Fresh approaches to the tube map: a new exhbition explores usability and aesthetics


Since revolutionising map design in 1933, Henry Beck’s iconic map of the London Underground has set the standard for the mapping of transport networks worldwide but is this template always a success?  Following the recent bad press about the redesign of the tube map, which removed the river and the zones, is it time to look at an overhaul of the maps and the underlying design rules we have followed since the 1930s?

That is the subject of an exhibition of map designs, by University of Essex researcher Dr Maxwell Roberts, which is being hosted at architectural practice Scott Brownrigg’s Covent Garden office from 7 to 22 October 2010.

Underground Maps Unravelled: Explorations in Information Design explores the use of Beck’s basic design rules: replacing chaotic, twisting routes with straight lines, horizontal, vertical or diagonals at 45 degrees only.  The exhibition explores the usability of schematic network design.  Using the London Underground map as a framework, it explores why traditional design rules help people, whether they are adequate for today's complex networks, and whether we can improve design by taking fresh approaches, breaking the rules.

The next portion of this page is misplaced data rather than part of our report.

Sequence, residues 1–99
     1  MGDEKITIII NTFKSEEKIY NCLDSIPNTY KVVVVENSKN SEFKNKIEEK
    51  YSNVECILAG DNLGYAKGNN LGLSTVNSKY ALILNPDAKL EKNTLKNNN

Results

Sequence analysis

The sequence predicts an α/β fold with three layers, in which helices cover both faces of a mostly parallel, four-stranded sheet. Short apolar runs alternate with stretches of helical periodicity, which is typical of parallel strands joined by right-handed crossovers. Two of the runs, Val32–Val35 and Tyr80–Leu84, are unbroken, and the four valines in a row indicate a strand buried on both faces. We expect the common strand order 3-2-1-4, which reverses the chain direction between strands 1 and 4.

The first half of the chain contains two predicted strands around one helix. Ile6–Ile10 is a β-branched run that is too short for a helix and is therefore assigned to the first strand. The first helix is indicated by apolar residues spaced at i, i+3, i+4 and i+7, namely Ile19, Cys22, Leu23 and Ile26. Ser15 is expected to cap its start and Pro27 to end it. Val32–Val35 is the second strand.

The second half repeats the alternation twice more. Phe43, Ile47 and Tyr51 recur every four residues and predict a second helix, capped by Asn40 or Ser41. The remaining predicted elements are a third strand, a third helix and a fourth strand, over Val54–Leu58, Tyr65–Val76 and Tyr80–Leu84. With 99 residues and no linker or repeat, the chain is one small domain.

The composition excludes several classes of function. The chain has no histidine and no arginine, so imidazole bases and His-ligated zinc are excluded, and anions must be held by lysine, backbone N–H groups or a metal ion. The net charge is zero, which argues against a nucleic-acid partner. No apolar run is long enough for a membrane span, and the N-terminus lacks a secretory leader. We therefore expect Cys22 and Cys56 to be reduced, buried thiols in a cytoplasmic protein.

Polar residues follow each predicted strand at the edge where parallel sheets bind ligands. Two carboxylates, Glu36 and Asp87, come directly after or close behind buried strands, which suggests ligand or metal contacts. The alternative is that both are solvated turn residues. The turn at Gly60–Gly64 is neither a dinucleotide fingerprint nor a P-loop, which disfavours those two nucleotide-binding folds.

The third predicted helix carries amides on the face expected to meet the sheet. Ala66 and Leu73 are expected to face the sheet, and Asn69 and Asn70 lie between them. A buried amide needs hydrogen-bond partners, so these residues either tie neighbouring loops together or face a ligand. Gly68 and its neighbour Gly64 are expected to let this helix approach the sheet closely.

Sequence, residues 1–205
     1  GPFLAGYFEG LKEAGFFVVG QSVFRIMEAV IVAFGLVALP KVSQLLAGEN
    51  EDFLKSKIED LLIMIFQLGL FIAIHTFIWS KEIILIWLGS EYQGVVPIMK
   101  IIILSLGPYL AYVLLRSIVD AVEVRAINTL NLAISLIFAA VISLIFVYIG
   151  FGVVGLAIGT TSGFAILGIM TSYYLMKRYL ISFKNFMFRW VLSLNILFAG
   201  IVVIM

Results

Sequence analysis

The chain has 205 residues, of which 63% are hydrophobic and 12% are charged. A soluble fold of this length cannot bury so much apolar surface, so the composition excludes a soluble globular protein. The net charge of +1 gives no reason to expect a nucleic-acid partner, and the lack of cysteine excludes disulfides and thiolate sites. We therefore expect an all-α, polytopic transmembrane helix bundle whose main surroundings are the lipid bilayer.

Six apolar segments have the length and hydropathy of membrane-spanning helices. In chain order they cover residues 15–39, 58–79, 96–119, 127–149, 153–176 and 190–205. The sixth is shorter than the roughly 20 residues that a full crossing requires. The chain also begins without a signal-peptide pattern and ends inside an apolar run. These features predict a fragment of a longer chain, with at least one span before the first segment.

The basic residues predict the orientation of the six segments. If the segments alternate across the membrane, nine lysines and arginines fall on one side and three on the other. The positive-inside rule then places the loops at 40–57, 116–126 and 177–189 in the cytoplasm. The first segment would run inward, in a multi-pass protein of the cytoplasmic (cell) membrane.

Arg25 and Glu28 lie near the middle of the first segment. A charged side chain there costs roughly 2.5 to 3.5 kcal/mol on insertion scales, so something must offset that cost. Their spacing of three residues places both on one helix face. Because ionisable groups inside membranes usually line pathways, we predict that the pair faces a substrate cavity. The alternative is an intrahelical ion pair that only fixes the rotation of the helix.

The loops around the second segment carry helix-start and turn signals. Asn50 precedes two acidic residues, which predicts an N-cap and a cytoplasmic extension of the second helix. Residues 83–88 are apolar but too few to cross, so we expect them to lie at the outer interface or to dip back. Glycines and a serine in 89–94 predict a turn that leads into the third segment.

The exhibition presents a selection of Dr Roberts’ own work: maps that break all the rules, maps that are easier to use, maps that teach us about good design, maps that challenge our preconceptions, and maps that are just intended to be decorative.

He explained: “With today’s emphasis on using public transport, and the ever-increasing complexity of networks around the world, it is vital that designers create the best possible maps.  All too often, the general public is faced with designs that are poor quality, off-putting, and perhaps barely useable.  We need to take a good look at whether fresh approaches are required.”

With the Olympics coming up, and a reasonable map showing all London's railways currently lacking, and with Crossrail set to add to the confusion, there are all sorts of design pressures stacking up for the immediate future that designers will need to address.  Breaking the rules might be the only way forward.

Dates:   7 - 22 October 2010
Opening times:   Monday to Friday 10am - 6pm
Venue:    Scott Brownrigg, 77 Endell Street, London, WC2H 9DZ (Map)

For more information about the exhibition visit:

Travel:   Tube stations:  Covent Garden, Holborn or Tottenham Court Road